The Voice to Parliament is not about race, it’s about equity. It’s not racially divisive, but it is divisive, and justifiably so. And although the referendum singles out Indigenous Australians, it is not predicated on race — a lawyerly point to be examined further, writes DJ Wexler.
Division is not inherently a bad thing. We divide schools into different year levels. Sports clubs are assorted into separate men’s and women’s streams and are further splintered into leagues of skill and ability. By extension, are women’s domestic abuse hotlines sexist? Is the disability support pension ableist? No. They are government programs addressing the unique challenges faced by vulnerable members of society. Unique problems are treated uniquely. The division the Voice makes is analogical but in a significantly, assiduously constructed, and expanded fashion.
It begs the question, what do we mean by ‘Indigenous Australian’ if it is not based on ‘race’? And how can we justify their unique treatment?
Firstly, we need reminding that the Voice has been worked on and picked over by constitutional lawyers, politicians, and Indigenous representatives from across the country since 2015. And more recently, the Joint Select Committee on Aboriginal and Torres Strait Islander Voice Referendum addressed questions opponents of the Voice frequently and disingenuously exploit to sow seeds of uncertainty in an impressionable public.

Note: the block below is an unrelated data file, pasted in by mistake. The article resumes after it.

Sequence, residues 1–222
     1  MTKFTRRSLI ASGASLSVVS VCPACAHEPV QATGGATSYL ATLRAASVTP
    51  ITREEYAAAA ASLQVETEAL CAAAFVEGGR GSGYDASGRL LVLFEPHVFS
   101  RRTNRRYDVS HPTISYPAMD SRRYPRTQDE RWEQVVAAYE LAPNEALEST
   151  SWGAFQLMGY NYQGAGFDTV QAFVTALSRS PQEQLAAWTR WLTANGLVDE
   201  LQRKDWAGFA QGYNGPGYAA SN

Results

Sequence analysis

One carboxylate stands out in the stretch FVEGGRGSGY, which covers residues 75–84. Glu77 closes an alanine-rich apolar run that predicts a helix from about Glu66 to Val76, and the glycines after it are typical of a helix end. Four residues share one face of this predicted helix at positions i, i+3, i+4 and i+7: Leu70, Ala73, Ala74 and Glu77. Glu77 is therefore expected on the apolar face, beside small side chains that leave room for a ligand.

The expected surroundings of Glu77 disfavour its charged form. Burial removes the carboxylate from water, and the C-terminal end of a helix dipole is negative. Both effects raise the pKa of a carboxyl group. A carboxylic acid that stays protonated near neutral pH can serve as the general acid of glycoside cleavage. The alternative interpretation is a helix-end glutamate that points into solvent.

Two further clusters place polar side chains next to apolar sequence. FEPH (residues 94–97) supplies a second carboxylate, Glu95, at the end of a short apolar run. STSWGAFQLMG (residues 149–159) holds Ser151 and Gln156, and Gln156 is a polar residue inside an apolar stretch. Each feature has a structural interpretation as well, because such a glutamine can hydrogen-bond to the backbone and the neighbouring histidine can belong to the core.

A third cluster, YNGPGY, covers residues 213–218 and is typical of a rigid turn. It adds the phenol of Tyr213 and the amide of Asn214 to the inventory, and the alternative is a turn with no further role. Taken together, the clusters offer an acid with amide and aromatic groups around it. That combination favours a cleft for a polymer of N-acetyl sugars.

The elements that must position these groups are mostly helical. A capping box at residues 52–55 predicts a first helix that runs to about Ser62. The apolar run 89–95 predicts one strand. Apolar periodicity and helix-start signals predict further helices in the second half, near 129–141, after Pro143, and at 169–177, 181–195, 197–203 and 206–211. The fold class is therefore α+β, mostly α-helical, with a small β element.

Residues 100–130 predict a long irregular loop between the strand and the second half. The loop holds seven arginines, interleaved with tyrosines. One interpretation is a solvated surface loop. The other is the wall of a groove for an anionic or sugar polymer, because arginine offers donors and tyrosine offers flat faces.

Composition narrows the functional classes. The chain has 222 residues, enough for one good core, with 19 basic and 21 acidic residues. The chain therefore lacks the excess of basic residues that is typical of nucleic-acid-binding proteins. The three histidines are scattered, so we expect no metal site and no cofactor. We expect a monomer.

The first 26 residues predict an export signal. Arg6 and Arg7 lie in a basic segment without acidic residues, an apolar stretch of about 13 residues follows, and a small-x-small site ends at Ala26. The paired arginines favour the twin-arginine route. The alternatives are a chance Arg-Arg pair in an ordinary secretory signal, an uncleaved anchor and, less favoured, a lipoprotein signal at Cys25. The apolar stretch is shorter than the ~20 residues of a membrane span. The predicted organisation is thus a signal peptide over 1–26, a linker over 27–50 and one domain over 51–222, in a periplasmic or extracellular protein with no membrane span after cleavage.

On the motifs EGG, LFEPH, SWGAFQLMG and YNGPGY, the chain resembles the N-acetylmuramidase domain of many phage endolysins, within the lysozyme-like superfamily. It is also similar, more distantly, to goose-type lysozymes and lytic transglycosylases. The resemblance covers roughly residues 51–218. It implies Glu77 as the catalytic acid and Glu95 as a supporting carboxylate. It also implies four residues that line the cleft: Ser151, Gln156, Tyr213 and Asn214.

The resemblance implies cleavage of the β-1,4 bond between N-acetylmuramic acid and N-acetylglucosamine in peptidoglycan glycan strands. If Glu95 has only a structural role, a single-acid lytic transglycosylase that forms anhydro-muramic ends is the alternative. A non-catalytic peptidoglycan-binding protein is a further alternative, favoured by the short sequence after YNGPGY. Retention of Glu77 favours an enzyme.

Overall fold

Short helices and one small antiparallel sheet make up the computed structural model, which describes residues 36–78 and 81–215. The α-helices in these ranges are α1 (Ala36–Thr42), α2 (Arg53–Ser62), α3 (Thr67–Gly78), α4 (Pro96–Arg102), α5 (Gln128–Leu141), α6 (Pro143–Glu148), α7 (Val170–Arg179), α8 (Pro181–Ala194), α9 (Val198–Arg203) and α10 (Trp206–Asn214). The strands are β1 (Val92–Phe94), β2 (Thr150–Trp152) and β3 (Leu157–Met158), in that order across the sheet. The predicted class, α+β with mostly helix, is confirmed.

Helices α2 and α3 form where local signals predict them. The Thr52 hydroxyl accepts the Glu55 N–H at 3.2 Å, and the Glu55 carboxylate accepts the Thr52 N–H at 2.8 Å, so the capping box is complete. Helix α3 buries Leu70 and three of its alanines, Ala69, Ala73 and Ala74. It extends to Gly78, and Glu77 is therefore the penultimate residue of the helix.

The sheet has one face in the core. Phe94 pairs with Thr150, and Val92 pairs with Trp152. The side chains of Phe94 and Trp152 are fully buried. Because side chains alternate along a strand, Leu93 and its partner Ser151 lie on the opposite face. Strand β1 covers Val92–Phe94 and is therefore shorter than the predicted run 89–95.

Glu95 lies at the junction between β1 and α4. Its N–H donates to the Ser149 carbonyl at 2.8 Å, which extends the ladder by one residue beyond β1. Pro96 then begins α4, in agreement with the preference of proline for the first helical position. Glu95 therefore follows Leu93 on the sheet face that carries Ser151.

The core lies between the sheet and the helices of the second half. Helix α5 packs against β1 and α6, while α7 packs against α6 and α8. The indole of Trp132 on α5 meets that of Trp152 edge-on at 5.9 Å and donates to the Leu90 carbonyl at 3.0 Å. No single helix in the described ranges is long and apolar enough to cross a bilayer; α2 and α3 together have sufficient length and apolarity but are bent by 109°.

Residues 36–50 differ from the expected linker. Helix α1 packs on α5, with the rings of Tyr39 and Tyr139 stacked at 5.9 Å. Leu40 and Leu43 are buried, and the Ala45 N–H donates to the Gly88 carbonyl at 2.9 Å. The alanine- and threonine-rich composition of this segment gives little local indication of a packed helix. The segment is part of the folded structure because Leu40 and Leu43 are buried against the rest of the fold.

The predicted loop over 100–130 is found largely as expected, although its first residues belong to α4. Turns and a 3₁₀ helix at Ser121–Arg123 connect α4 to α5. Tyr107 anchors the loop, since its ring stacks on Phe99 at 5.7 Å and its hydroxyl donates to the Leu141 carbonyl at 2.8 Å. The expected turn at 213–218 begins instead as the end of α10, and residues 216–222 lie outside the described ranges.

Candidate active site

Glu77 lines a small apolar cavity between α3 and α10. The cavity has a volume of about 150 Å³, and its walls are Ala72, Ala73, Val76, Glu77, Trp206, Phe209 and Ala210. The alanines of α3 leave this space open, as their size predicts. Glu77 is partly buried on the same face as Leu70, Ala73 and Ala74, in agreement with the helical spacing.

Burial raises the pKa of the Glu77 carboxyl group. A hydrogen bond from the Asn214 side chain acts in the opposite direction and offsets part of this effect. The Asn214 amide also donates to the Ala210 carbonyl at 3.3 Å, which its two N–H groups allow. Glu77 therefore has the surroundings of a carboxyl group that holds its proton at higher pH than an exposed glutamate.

During the committee hearing, Professor Anne Twomey points out a lawyerly, but clear, distinction. The referendum does not refer to Aboriginal and Indigenous Australians by race, it refers to them by reference to their being Australia’s first peoples, which is made clear at the start of the referendum question: “A Proposed Law… to recognise the First Peoples of Australia…”, and in the proposed law itself: “In recognition of Aboriginal and Torres Strait Islander peoples as the First Peoples of Australia”.
Anne Twomey continued: “The provision is there simply because of the status of Aboriginal and Torres Strait Islander peoples as Australia’s first peoples with the consequences… [being their]important role in Australia’s cultural history and of course their pre-existing legal rights as we saw with Native Title.”